Choosing the Right Sustainable Fund (Part 2)

What to understand about a fund and the sustainable index it tracks.

Kenneth Lamont 23.10.2020
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In part 1 of this article, we discussed some of the considerations on the index when choosing a passive sustainable fund. In this part, we will continue looking at the index level and also discuss the considerations on the fund level.

Even within approaches, strategies can differ dramatically. Some funds look a lot like their starting universes, while others venture further from their starting points to offer strong exposure to ESG leaders. For example, MSCI Universal and MSCI SRI index strategies both use the same MSCI ESG scoring system, but the former heavily reweights a lightly screened parent index, while the latter selects only the top quartile of ESG scorers using market weights.

  • Securities Selection and Weighting. It is important to understand the extent to which the fund is pursuing firms with strong ESG characteristics. A fund’s securities selection and weighting approach has a big impact on the type of ESG exposure it delivers.
  • Tracking Error. Tracking error and active share (a measure of the percentage of stock holdings in a fund's portfolio that differs from the benchmark index) both measure the level of active risk each fund takes versus its parent index. These are useful metrics for gauging how intensely a fund pursues ESG leaders and whether it might be appropriate as a core holding. There is trade-off between high ESG exposure on one hand, and broad diversification and low tracking error on the other. For example, those investors most committed to sustainability may favor the "purest" ESG exposure at the expense of a more-concentrated portfolio with higher tracking error. Investors seeking to replace a core portfolio allocation may be more willing to compromise on "purity" of ESG holdings (for example, accept less-compliant holdings) in exchange for retaining the benefits of diversification and lower tracking error.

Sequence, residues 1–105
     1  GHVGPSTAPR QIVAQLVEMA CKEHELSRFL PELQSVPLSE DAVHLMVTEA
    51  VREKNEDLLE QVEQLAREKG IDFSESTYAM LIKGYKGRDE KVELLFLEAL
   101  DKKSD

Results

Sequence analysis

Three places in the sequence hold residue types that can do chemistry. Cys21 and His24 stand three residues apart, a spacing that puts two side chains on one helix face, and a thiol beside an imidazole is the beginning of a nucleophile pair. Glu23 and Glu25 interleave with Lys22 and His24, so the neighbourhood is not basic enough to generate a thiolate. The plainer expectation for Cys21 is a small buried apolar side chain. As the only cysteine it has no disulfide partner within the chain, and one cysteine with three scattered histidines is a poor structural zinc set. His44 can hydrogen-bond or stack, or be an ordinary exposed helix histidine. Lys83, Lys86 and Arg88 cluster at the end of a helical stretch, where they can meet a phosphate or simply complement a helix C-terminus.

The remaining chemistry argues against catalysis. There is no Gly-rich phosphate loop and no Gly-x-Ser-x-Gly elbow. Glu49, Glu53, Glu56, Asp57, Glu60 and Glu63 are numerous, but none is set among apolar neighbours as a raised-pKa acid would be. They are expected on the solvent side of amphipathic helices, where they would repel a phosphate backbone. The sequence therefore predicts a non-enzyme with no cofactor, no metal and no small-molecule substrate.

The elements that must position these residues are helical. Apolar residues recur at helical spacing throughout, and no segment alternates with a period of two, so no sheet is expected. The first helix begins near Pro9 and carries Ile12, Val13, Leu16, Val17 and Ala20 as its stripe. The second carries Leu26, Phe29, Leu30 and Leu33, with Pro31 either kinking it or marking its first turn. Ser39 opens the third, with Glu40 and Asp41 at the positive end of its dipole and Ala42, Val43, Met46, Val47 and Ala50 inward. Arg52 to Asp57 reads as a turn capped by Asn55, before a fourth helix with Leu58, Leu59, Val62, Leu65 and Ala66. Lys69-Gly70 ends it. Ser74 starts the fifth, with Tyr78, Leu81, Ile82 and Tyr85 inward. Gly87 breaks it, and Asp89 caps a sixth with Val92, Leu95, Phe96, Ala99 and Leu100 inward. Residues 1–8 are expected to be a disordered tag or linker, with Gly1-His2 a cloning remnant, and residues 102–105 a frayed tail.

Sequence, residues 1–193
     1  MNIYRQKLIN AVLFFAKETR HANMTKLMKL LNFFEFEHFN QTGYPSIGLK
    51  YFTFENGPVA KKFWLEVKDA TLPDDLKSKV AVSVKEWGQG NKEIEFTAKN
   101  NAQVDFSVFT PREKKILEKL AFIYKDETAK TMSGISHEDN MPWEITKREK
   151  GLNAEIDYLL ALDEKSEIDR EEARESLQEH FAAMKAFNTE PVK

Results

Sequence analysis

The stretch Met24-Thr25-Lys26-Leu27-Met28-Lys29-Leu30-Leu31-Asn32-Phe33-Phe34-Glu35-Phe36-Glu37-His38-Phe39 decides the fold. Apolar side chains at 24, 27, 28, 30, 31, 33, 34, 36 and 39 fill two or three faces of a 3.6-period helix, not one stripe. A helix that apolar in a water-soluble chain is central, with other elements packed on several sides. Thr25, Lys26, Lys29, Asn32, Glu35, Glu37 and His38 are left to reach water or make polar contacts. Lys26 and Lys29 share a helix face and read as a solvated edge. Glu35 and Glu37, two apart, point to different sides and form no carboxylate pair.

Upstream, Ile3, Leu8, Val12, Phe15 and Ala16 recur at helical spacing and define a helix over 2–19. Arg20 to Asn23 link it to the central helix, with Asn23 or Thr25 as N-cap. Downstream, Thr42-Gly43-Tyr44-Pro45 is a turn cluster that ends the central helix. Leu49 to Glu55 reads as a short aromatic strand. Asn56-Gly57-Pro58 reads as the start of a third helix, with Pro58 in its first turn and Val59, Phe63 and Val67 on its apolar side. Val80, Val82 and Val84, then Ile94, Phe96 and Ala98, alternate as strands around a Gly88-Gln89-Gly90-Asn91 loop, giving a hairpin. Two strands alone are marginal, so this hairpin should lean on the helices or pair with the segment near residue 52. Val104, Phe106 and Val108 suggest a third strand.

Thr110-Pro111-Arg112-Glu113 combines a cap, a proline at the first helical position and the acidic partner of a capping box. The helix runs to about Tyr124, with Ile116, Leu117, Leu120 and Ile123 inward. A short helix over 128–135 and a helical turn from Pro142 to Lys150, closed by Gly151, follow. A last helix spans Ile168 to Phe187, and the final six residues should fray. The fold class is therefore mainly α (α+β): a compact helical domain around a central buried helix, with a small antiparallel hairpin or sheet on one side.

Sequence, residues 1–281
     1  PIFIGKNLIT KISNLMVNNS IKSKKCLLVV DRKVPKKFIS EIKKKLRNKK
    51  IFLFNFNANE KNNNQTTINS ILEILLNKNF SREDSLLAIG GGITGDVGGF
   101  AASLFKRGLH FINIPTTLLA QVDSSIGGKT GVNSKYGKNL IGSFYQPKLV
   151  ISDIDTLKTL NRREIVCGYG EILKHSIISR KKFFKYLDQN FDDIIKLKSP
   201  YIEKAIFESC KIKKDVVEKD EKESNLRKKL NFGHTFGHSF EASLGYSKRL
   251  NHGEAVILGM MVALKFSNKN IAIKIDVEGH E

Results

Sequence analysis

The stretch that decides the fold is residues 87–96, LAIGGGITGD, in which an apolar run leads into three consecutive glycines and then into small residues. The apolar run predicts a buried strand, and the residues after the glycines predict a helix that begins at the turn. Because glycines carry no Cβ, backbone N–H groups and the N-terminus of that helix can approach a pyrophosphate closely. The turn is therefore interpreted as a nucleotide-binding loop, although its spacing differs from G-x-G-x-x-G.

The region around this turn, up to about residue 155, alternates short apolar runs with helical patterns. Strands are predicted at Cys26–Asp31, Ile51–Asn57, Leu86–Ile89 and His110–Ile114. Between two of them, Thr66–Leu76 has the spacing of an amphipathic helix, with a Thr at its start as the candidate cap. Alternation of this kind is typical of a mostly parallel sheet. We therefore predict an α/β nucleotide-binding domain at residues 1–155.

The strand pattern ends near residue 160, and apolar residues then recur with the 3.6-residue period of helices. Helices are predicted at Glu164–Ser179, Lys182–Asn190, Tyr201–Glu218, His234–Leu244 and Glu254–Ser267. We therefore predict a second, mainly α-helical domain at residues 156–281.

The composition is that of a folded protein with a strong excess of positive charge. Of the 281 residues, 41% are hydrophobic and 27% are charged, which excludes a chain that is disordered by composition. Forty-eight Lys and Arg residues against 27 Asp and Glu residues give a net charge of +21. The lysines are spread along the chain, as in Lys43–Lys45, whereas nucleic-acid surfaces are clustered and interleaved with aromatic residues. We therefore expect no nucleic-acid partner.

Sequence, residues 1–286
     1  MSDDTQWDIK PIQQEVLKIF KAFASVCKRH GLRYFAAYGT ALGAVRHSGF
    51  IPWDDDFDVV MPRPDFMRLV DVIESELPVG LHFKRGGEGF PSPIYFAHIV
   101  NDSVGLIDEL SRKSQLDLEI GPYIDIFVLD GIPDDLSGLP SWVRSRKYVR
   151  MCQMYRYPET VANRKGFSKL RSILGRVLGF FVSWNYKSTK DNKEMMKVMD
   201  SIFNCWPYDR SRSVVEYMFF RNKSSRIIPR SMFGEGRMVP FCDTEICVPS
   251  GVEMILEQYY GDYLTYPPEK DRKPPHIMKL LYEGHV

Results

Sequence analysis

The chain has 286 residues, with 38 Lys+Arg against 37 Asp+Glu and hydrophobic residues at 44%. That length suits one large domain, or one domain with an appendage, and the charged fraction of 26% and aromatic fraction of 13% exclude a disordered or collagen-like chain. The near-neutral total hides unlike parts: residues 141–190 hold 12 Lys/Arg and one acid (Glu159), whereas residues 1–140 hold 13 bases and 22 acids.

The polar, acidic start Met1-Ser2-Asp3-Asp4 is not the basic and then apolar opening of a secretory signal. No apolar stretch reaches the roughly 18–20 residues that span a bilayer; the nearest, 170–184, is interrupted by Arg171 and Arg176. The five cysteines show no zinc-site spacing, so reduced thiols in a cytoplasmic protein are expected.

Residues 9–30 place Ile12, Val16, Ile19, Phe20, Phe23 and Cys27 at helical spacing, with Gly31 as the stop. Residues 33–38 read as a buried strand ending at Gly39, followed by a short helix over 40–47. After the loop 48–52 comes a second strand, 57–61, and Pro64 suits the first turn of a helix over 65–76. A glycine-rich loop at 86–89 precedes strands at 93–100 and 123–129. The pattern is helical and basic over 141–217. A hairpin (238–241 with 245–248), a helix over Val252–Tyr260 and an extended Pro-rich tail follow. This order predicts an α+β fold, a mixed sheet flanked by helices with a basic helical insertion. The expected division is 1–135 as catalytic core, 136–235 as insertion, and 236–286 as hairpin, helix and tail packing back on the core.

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Factors that affect tracking error include security-selection methodology, exclusions, and weighting schemes. Optimization techniques can be used to minimize tracking error. For example, the optimized MSCI ESG Focus and MSCI Low Carbon Target indexes aim for tracking error targets of 0.5% and 0.3%, respectively, for developed markets.

Persistent sector and geographic biases come from the fact that ESG scores tend to vary across geographies and sectors. For example, European companies tend to score well on many sustainability metrics, while emerging markets tend to score poorly. Some sectors, such as oil and gas, are prone to low overall ESG scores, while others, such as technology, may have higher ESG scores owing to the nature of the underlying businesses. Sector and geographic biases can affect performance relative to the broader market, even in the long run.

Key Considerations When Choosing a Passive Sustainable Fund: Fund Level Analysis

The way in which a fund tracks its index also has sustainable implications.

  • Fees. These are always a key consideration when analyzing funds. Sustainable passive funds tend to charge more than their nonsustainable peers. Some fee premiums can be expected, as there are undoubtedly costs associated with gathering robust ESG data and building a suitable sustainable investment strategy. That said, large fee differences between outwardly similar funds need to be justified.
  • Securities Lending. This practice sees the fund lend out a portion of its holdings for a small fee. As part of the transaction, the fund receives a collateral basket. As above, if the type of collateral accepted is not restricted, the fund could end up holding non-ESG-compliant investments.
  • Asset Manager. Active ownership, which includes proxy voting and engagement, is a key consideration at the fund group level. These efforts can involve voting on shareholder resolutions and opening dialogues with portfolio companies on ESG issues to enact change. Leaders in the space have detailed environmental and social proxy voting guidelines; a track record of putting forward ESG shareholder proposals and/or voting in favor of these types of resolutions; an outcome-oriented engagement strategy with a clear escalation strategy; and have disclosed voting records, rationales behind key votes, and engagement activities.

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About Author

Kenneth Lamont  Kenneth Lamont is a Passive Funds Research Analyst for Morningstar Europe.

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